Hayes said the funds were dispersed with “a few things left to do; things like minimal work on electrical systems, covers on heat registers, things that were not a threat to life safety.”

He said staff is communicating with Title Underwriters, which confirmed that the expenses had been incurred, and that they look at these TIFs diligently.

While some contractors may have to be paid yet, he noted the entire TIF was $350,000, and a balance does exist.

Foreclosure has seized the development, and the city’s position is secured by a second mortgage,” Hayes said. “Chandler Anderson was the general contractor, and he did leave the project because of allegations were that the bank would no longer fund the project.”

Ritz said he will probably file another Amended Complaint.

Larry Morrissey has really been sandbagged by many unfounded allegations, but he did not respond immediately to many of them because he did not deem them credible.

This endorsement has been an attempt to put those issues to rest.

Morrissey has done more for the infrastructure of this town than any other mayor. He has improved and cleaned up West State to an amazing extents and now it will get a complete facelift.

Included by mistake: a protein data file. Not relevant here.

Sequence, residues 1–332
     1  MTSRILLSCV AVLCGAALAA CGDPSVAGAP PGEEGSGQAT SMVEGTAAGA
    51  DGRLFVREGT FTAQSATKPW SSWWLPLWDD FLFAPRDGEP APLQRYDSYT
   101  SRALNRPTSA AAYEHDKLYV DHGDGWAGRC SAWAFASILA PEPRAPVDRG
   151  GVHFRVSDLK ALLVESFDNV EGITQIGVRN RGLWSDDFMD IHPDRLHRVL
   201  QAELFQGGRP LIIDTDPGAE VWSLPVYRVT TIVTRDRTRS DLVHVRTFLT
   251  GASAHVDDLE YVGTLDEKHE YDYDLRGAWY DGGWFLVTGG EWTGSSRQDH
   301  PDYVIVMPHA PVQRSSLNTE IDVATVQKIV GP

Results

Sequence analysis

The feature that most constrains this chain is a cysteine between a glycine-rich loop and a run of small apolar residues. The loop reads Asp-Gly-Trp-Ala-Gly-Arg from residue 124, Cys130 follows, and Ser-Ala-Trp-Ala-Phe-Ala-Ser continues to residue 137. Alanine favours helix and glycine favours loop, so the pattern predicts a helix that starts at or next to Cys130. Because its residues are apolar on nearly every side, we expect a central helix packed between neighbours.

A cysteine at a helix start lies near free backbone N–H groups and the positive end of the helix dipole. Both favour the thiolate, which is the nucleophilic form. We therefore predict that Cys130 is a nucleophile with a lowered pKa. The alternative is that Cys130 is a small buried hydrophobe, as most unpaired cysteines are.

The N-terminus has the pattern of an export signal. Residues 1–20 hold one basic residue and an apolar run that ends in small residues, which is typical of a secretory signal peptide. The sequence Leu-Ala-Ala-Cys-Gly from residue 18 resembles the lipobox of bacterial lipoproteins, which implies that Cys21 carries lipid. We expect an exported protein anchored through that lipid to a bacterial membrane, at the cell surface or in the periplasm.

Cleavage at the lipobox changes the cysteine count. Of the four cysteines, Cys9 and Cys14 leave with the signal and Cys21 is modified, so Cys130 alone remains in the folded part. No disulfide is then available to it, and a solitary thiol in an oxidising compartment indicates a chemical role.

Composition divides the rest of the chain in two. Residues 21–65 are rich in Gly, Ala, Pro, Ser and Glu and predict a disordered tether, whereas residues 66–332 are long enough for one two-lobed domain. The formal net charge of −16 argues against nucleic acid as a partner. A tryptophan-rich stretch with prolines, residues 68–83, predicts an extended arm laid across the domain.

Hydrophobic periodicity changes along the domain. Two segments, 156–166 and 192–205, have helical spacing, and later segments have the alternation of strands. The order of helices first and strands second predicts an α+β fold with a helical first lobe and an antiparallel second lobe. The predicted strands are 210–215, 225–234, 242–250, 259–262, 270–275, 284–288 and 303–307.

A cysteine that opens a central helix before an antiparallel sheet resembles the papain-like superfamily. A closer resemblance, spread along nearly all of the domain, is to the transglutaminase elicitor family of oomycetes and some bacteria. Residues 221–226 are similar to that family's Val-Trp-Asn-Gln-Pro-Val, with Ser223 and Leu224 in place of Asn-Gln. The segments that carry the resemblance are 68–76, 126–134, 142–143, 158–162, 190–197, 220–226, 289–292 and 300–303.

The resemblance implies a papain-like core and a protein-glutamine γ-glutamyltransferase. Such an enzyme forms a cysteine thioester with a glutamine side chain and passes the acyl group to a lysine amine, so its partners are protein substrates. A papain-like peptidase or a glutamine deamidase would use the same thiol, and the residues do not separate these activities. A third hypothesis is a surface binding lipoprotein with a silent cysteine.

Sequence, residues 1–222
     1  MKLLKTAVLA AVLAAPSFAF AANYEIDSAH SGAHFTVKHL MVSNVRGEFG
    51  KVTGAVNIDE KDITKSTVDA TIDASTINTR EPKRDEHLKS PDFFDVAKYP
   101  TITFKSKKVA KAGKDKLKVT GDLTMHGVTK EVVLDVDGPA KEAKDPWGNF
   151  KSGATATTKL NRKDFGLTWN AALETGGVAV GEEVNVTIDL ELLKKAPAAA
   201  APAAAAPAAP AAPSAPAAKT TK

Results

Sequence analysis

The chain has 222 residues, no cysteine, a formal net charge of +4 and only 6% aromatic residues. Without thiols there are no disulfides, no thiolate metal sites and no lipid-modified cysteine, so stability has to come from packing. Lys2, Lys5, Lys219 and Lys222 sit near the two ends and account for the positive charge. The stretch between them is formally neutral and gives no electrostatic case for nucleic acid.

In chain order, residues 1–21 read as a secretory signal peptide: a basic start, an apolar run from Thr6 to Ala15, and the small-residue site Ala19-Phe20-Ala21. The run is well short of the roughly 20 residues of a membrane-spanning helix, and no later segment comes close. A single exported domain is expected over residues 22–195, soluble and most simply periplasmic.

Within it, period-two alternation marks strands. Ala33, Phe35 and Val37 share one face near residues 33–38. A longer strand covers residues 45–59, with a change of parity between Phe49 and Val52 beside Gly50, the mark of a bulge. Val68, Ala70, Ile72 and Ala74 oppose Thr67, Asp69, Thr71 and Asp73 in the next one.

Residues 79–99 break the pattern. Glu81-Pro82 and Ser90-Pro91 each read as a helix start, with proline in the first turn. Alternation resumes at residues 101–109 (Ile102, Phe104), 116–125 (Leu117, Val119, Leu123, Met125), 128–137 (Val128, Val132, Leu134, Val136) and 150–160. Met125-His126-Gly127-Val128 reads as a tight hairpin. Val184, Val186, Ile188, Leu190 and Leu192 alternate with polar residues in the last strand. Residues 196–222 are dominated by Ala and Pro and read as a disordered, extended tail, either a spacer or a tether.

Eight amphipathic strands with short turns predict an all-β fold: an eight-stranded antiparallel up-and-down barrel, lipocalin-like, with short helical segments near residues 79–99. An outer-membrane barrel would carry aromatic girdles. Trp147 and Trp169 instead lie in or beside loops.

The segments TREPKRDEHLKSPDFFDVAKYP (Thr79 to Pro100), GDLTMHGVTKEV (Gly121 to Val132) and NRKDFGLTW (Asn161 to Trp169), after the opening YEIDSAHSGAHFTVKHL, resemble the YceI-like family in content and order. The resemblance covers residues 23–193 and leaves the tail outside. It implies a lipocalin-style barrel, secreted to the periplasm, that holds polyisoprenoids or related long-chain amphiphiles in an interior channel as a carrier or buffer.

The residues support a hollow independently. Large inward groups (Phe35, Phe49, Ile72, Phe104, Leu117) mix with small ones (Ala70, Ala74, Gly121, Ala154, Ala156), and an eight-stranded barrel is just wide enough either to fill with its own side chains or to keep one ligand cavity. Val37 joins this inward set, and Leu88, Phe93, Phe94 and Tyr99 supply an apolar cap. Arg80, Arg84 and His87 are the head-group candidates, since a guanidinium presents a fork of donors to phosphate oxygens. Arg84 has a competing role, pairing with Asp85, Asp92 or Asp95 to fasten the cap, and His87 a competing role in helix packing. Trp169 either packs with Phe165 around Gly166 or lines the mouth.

The Morgan Street Bridge and College Avenue Round about are going to be amazing.

The work done on South Main by Klehm Arboretum is fantastic.

The Discovery Center and Burpee Museum River Walk really bring us our first major development on our major and most underdeveloped resource, the Rock River.

The Morrissey administration’s support of the Rock River Trail Initiative has been unwavering, substantial, and has prompted many other municipalities on the river to support this effort to found a national trail on our hometown stream that flows from the Horicon Marsh to the Mississippi River.

Morrissey Etsy project enabling is great for local business and is visionary.

Morrissey represents us well in a sophisticated manner downstate, nationally and internationally.

He is aware of the charges of cronyism. He’s paid the price for it. He has probably overreacted in trying to counter the problem.

If you really want to see where Morrissey is going read the last third of his State of the City speech on the city’s website, www.ci.rockford.il.us/. The accomplishments in that speech are very real.

Look at the quality of the website as well, and its content.

Morrissey’s efforts at transparency are really modern, and he is our mayor for the future.

Hughes’ cronyism makes Morrissey look good by comparison. Hughes means well, but he just doesn’t have the depth of field. He is a candidate of the past, who thinks reinstalling street lights a major campaign point, where it is really a side issue.